Dale Amy
July 1, 2002
Holley's new NOSzle wet-nitrous kit (PN 08100NOS) is made specifically for '96-through-present Mustang 4.6 Two-Valve applications. The kit is shipped with two sets of jets rated for either a 100 or 125hp shot over stock. Increasing jet size for anything beyond this power level would best be accompanied by fuel system, and possibly internal engine, upgrades.

Horse Sense: A dry-nitrous kit supplies only nitrous and relies on the factory fuel system for any additional fuel, while a wet kit contains the hardware to supply both nitrous and supplementary fuel.

If you like your strength to flow from a bottle, we have good news. The giggle gas gnomes at the Nitrous Oxide Systems division of Holley Performance have introduced their NOSzle wet nitrous kits. One is specifically engineered for '96-through-present 4.6 Two-Valve Mustangs and will be shipped with two full sets of nitrous and fuel jets for your choice of a claimed power boost of either 100 hp or 125 hp. The primary distinction of this revolutionary design is that it feeds both nitrous and extra fuel almost directly to the combustion chambers without requiring the intake modifications of a typical race-fogger system. This design, claims Holley, also avoids the backfire threat caused by the poor mixture distribution and fuel puddling of wet systems that simply add fuel at or near the throttle body.





The system is named for these patent-pending anodized billet aluminum NOSzles, which sandwich between each fuel injector and the intake manifold to meter stock injector-supplied fuel, supplementary fuel, and nitrous to the stock location. The extra gasoline and nitrous flow through axial passages surrounding the central outlet for the factory injector's fuel. This arrangement is said to ensure proper nitrous and fuel distribution, optimum fuel atomization, and ensure proper combustion.

On this topic of backfires and other untimely explosions, the NOSzle system encompasses a number of electronic safeguards designed to ensure a long and peaceful relationship with your engine. As with most nitrous systems, it is shipped with master arming and wide-open-throttle switches, so that it can only engage when switched on and with the gas pedal nailed to the floorboard. But it also features a black box that limits operation to a window between 2,600 and 6,000 rpm. The reasons for this? Nitrous injected at too low an rpm can be damaging, and on the other end of the rev scale, if N2O flow isn't shut off before the factory rev limiter begins to cut back on fuel delivery, it can be even more destructive. Lastly, a pressure switch is incorporated, preventing system engagement if fuel pressure drops below a preset limit. That, an explicit instruc-tion manual, and color-coded and clearly labeled hardware fittings make the system about as idiot-proof as possible.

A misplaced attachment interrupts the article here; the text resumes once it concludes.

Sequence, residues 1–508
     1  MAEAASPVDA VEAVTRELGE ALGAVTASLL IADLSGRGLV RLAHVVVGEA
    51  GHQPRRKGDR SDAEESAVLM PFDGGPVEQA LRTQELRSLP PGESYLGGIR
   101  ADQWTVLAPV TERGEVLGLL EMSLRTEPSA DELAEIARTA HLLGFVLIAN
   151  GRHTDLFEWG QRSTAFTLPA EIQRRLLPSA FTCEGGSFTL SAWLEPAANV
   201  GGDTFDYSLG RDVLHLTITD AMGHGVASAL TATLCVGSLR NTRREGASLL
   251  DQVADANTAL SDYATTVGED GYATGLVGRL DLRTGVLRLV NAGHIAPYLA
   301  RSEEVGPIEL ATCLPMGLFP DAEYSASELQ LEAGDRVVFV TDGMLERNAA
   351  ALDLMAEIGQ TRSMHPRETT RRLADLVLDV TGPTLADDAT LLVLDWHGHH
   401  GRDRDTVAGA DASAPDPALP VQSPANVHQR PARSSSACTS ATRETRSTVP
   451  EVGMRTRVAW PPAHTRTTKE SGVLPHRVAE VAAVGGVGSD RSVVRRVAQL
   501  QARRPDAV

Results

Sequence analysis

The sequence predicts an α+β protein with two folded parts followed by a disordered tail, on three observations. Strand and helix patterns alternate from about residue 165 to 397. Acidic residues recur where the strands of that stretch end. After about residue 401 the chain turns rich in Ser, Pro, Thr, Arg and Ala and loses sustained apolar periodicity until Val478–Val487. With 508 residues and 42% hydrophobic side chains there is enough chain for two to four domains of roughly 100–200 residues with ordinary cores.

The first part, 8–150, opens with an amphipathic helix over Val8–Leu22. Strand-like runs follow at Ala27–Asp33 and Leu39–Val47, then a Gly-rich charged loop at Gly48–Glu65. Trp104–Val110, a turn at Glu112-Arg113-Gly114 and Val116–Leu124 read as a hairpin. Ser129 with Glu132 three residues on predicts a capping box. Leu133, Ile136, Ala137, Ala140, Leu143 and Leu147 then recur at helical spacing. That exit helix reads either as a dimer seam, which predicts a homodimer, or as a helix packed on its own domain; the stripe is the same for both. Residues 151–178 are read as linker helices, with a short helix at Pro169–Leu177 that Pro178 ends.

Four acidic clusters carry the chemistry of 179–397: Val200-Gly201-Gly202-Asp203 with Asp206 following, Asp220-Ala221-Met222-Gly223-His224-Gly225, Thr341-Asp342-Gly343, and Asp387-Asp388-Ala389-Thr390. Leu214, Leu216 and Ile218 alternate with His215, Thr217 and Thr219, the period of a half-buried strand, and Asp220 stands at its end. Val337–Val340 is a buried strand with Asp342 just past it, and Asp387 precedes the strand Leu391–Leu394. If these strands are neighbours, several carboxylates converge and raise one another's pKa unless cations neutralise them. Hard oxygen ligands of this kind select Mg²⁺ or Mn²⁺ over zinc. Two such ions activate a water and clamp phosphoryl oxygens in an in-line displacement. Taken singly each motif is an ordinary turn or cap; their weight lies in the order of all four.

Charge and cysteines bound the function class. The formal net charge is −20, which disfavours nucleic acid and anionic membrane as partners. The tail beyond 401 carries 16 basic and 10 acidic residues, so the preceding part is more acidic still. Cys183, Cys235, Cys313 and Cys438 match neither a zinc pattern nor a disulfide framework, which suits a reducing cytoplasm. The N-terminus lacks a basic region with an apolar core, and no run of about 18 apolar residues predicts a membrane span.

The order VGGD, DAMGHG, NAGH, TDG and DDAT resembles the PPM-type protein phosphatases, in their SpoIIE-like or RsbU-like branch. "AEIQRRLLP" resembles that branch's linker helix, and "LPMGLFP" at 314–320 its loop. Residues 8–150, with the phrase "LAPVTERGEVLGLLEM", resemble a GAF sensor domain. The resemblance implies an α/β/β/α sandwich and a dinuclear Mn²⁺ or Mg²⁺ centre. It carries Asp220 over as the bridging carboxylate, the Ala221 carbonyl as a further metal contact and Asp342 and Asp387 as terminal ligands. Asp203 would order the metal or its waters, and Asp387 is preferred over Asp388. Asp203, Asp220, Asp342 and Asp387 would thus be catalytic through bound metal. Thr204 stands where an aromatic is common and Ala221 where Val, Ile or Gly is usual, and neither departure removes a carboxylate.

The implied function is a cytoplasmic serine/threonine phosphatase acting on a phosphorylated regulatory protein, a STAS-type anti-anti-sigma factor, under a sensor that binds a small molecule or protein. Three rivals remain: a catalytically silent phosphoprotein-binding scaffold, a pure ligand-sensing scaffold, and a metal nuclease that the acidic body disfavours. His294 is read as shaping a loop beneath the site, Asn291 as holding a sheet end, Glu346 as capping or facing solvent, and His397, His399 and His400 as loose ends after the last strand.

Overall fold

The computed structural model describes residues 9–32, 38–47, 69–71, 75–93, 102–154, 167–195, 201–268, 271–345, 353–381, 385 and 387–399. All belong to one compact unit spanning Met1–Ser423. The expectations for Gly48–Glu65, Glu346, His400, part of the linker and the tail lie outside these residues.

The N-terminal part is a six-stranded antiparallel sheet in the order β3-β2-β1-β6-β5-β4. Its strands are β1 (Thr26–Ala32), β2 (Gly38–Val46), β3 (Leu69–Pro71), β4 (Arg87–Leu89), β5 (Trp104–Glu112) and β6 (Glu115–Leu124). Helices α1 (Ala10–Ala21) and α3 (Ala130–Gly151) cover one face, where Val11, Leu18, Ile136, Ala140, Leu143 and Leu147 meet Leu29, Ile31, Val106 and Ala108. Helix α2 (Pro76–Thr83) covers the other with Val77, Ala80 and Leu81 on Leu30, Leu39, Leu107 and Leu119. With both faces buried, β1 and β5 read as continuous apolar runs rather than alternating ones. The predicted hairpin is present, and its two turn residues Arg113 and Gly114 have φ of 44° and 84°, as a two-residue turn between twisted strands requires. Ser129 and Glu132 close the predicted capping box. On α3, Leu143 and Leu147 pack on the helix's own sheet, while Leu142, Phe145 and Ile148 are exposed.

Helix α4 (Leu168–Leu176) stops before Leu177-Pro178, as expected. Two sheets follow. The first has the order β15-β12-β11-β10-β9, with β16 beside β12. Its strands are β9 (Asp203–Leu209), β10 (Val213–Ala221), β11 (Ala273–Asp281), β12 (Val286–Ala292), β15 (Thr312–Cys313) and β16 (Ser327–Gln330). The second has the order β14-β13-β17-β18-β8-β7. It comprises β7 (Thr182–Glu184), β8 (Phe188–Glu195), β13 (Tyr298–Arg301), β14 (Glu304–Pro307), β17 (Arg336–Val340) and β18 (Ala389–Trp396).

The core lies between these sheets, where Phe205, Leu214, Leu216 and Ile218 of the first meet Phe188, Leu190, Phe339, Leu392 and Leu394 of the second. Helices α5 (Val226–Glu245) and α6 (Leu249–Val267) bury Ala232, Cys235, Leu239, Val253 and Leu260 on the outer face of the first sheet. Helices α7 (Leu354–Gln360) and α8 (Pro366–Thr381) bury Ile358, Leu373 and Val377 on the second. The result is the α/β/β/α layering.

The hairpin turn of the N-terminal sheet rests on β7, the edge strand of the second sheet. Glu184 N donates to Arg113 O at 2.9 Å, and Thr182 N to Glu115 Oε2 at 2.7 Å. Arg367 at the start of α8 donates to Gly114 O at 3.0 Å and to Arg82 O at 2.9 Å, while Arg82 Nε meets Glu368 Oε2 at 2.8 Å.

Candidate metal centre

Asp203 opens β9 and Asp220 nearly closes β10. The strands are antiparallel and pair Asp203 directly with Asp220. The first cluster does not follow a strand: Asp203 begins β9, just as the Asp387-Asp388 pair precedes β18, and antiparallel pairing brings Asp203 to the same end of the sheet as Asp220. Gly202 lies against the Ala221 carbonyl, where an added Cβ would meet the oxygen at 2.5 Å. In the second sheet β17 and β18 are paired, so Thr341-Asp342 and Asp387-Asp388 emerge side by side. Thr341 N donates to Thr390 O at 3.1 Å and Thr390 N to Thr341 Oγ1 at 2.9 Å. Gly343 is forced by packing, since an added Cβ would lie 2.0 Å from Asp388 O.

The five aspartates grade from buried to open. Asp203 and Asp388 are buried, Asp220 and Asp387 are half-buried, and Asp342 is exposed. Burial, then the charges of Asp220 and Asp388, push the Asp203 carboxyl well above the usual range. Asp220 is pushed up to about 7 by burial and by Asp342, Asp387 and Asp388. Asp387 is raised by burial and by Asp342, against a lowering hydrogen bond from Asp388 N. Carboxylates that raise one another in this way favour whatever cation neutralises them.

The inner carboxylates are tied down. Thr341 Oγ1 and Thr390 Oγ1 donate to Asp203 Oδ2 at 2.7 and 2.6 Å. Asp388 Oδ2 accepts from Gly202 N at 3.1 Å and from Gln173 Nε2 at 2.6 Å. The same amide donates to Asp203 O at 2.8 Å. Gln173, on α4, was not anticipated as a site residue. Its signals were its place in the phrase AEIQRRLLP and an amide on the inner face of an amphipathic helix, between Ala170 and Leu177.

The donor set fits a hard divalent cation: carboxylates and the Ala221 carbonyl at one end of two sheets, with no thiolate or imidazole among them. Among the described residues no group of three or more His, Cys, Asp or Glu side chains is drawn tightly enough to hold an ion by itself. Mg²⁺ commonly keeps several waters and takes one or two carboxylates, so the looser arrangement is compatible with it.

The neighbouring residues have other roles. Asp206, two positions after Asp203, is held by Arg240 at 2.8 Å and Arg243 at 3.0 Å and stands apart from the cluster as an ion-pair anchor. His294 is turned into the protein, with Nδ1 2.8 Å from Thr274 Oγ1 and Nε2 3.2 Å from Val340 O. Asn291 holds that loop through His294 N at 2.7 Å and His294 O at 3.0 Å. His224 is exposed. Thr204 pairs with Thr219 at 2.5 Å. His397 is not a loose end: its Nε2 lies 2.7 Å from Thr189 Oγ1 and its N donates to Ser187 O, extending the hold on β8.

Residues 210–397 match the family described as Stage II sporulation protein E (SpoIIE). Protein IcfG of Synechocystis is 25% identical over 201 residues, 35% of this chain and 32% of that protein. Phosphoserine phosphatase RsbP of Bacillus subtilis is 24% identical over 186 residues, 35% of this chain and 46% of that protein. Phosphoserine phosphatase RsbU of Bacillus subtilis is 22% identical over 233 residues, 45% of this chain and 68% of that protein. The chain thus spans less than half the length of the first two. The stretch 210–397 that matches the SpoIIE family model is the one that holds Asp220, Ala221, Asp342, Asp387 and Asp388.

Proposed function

Going beyond the specific Mustang kit for a moment, Holley says the basic NOSzle design lends itself to being configurable as either a one-stage wet system of up to 500 hp or a two-stage dry system for up to 1,000 hp, and the NOSzle fits all fuel injector brands.



Underhood installation begins by disconnecting the negative battery cable and relieving fuel pressure via the Schrader valve on the passenger-side fuel rail. Then, the airbox-to-throttle-body duct is removed, and the fuel line, along with various electrical harnesses and vacuum lines, is disconnected, as detailed in the kit's well-illustrated instruction booklet.

Sean Hyland Motorsport received one of the first available production Mustang kits and promptly installed it on one of its in-house '01 GTs, with us peering over the shoulder of technician Mike Lester. Installation was fairly straightforward, and the result was peak-to-peak rear-wheel power gains of 91.5 hp and 144.6 lb-ft on this otherwise completely stock modular. Check out our dyno sidebar for the complete power story.

On The Dyno
Our test vehicle was a Sean Hyland Motorsport show car, a prettied-up '01 GT that was mechanically bone-stock right down to its exhaust system. In this form it produced 221 hp and 269 lb-ft on SHM's Dynojet. Afterward, these peaks had jumped to more than 312 hp and 414 lb-ft. The system seemed to particularly favor the 3,500-rpm mark, where power was up by 101.9 hp and no less than 153 lb-ft.

We had to leave before the car was buttoned up for the street, but Sean Hyland reports that it drove like a supercharged car, with a smooth and progressive power delivery, and a fat and juicy torque curve.